For a minute, I might be turning apolitical, or not.
Back in the seventies -- this was years before AIDS devastated the San Francisco community -- my band, a bluegrass novelty act that broke Yiddish and classical before slamming a cajun fiddle tune full-force or channeling Jerry Jeff all on a constantly changing array of 23 instruments, was hired to play a long stint at the Shadowbox cocktail lounge. The Shadowbox was the former home of the late jazz great George Shearing, who died earlier this year at 91. He'd bought it to have a home base in the City. It was still his club when I encountered it.
I don't know much else about the club, except it was one that was at one time obviously elegant but from which now had fallen the original sheen. It had everything a nightclub needed: a curved bar, a spacious dance floor, a stage once graced by a grand piano -- now missing except for the dents -- and intimate booths all around. The feeling was black drapes, mirrors, shadowy paisley carpet, and a disco ball above the dance floor.
We started one evening without knowing what was up. We didn't necessarily know much more as we churned out our tunes, from Rocky Top to Tennessee Stud to Redneck Mother, but we were taken aback a bit when we saw guys making out in the booths and grabbing each others' butts on the dance floor.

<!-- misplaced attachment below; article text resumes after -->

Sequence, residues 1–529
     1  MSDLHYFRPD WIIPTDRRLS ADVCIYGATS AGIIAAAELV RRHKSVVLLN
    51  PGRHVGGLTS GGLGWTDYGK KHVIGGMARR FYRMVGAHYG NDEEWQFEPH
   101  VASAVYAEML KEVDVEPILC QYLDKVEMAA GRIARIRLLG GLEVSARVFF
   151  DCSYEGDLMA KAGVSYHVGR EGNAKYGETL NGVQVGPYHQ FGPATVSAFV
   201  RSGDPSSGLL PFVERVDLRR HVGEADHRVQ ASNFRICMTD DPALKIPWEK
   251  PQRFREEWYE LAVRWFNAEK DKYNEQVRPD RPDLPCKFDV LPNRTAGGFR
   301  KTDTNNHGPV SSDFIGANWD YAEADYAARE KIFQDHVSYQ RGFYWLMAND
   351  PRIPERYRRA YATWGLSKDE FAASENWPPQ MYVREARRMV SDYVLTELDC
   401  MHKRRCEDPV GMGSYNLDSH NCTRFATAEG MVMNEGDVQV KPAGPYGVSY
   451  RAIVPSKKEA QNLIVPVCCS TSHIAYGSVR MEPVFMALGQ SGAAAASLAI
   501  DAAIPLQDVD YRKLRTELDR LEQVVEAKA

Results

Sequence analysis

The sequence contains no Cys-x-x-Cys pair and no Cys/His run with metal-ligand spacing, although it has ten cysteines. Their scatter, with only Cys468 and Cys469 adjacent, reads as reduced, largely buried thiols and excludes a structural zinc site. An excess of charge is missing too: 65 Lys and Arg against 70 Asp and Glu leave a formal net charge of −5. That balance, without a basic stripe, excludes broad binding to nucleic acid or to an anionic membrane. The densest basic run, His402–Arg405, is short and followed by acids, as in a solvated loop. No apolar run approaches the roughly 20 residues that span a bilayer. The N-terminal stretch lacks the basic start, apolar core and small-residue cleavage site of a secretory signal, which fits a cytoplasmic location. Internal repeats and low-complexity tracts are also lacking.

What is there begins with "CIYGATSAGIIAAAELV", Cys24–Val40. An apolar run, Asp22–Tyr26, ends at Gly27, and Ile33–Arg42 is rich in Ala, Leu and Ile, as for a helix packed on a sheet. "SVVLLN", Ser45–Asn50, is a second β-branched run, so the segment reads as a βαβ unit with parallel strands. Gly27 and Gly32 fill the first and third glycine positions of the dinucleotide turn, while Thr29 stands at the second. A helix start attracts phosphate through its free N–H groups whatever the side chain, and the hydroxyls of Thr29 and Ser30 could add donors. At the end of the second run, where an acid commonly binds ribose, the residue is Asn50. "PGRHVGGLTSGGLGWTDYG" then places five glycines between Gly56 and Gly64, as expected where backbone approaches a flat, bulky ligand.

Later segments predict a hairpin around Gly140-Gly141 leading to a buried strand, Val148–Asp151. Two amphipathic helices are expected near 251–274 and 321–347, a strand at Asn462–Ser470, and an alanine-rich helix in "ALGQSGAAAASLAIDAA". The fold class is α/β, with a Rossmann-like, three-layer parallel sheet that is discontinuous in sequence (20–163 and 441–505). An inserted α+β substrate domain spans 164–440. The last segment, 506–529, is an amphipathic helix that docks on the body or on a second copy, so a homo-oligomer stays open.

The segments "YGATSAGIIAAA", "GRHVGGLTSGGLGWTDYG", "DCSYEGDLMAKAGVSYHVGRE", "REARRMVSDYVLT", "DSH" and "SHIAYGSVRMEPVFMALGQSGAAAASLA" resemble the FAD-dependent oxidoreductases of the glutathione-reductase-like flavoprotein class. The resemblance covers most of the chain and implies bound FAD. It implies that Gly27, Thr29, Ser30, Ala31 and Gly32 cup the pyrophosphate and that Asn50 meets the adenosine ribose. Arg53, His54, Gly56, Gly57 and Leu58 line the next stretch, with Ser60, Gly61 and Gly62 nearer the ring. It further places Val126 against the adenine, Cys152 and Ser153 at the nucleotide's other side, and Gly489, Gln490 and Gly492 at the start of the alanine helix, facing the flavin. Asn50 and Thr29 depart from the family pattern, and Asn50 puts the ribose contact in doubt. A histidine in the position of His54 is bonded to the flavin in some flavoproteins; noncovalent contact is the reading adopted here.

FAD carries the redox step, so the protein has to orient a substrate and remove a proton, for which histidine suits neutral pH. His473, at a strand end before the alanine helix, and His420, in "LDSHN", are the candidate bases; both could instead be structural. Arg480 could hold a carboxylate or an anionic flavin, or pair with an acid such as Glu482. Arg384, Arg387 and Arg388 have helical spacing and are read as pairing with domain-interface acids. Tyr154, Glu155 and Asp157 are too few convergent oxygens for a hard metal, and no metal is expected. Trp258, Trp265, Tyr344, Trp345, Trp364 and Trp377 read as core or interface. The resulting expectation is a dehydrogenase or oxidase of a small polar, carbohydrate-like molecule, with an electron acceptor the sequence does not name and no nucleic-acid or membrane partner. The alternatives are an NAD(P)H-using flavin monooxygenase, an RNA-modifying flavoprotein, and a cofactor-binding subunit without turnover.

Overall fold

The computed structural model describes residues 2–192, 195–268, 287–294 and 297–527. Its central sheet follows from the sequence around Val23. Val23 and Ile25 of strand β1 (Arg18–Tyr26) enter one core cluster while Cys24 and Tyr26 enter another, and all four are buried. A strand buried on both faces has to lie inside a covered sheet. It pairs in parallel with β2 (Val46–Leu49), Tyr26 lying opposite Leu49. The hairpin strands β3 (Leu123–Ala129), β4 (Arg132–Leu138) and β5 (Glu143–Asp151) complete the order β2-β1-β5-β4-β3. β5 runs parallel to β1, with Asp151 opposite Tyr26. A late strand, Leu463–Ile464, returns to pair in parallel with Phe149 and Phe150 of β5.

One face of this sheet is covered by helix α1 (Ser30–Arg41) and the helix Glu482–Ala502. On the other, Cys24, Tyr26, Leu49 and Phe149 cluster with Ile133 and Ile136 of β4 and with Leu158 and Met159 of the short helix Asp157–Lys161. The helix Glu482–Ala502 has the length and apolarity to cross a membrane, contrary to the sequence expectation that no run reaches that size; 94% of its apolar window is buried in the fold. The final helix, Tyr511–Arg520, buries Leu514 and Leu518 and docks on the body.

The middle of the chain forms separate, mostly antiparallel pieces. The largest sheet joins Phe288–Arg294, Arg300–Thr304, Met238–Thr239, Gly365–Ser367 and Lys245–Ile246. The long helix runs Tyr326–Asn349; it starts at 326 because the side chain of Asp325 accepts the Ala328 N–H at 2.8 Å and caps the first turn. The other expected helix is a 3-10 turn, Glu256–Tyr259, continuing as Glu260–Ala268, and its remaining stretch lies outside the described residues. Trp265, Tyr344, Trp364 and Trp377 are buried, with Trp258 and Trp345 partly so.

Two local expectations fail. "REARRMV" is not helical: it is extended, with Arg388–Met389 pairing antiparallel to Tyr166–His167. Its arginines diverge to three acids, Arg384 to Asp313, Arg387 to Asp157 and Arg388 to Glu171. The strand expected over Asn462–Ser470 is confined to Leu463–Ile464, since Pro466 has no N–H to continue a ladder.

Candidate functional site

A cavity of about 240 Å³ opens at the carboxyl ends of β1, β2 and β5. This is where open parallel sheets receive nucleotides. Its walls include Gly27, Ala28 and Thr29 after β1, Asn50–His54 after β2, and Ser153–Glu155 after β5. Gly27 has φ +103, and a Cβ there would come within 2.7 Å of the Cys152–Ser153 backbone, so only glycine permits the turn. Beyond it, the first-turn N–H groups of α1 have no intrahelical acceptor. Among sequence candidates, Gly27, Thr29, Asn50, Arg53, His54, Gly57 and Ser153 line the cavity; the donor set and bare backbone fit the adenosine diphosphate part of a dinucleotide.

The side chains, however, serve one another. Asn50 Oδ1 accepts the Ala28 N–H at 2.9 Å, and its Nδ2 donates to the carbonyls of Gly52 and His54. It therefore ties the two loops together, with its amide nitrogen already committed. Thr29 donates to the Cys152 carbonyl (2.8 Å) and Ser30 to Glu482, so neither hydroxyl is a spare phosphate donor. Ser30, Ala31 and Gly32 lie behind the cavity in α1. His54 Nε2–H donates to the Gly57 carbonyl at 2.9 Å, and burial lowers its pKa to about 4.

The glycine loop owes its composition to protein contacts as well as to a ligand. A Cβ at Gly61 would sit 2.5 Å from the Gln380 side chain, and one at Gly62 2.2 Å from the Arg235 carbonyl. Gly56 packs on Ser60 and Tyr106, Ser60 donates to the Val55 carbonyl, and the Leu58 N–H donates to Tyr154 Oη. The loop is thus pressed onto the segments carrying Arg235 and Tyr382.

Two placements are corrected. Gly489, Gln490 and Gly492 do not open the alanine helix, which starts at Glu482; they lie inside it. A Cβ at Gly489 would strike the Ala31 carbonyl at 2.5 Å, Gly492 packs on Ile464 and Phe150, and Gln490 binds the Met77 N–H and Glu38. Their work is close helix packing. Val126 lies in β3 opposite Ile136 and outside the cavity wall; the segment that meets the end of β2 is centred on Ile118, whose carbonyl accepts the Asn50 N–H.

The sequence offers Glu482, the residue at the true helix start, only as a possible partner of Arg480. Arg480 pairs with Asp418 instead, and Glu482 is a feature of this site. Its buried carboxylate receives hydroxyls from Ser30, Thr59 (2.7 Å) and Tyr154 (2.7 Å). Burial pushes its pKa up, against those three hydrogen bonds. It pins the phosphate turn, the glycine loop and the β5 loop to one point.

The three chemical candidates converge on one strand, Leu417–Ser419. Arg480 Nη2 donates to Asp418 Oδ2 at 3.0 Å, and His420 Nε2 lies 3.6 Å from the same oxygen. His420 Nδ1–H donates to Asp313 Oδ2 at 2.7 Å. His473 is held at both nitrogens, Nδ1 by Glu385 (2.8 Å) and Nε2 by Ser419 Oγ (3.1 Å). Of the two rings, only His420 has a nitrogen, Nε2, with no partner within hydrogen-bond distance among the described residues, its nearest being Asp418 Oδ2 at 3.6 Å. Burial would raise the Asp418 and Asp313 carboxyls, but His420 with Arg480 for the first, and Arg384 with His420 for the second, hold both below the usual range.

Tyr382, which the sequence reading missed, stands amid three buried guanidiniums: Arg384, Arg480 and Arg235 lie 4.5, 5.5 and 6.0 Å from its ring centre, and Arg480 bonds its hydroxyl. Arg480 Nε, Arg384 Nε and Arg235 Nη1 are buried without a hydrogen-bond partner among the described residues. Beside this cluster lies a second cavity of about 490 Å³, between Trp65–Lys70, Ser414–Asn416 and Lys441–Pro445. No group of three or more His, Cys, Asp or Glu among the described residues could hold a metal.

We were hippies from the sixties who skipped disco and went straight to alt-country before there was alt-country. Like a lot of people then, especially in the Bay Area, we weren't very judgmental, but we didn't know much about teh gay. Not one way or another. It was like, I don't know, Belgium to us.
So, I went to get paid at the end of the night, and a lovely scarlet-haired women a bit on the Liza Minnelli side said, "Sorry about the gays. We hired you to chase them out." She said she liked the gays and they liked her. It was a business decision and not necessarily hers. "Oh well, Whaddya gonna do?" she said as she paid us. "You guys are great!"
The gays kept coming but dwindled as the weeks rolled by. In the beginning it was funny to watch the rednecks - such as they were -- come in, see the gays and go, huh?, and walk out. Slowly the rednecks stayed to dance, and the gays looked around and felt more and more out of place.
In its last weeks or so of being a gay bar, the Shadowbox saw gays walk in, look around at the rednecks in cowboy hats and wonder what the hell was going on. They'd stand there considering taking a booth and thought nah, and walked slowly out.
Soon there were no gays.
Our Liza Minnelli was now being dragged onto the dance floor to do the Texas two-step very much like the gays who loved her had done to take a turn with "YMCA" cranking out past the disco mirrored ball. It was apples and oranges, oranges and apples to her, all smiles, and a paycheck.
Me, I was Nick Carraway in a ten-gallon hat, all keen observer of my own ill-begotten Jazz Age. Only it was country and not so gay.
Now, the question is: In this parable (okay, a true story), which group is Daily Kos and which group is firedoglake? You've got thirty seconds, and the judges are the fans of Eschaton. Go! (Quick hint: Find my diaries at DK and FDL and read the comments.)
Alternate ending: Just read the story and.....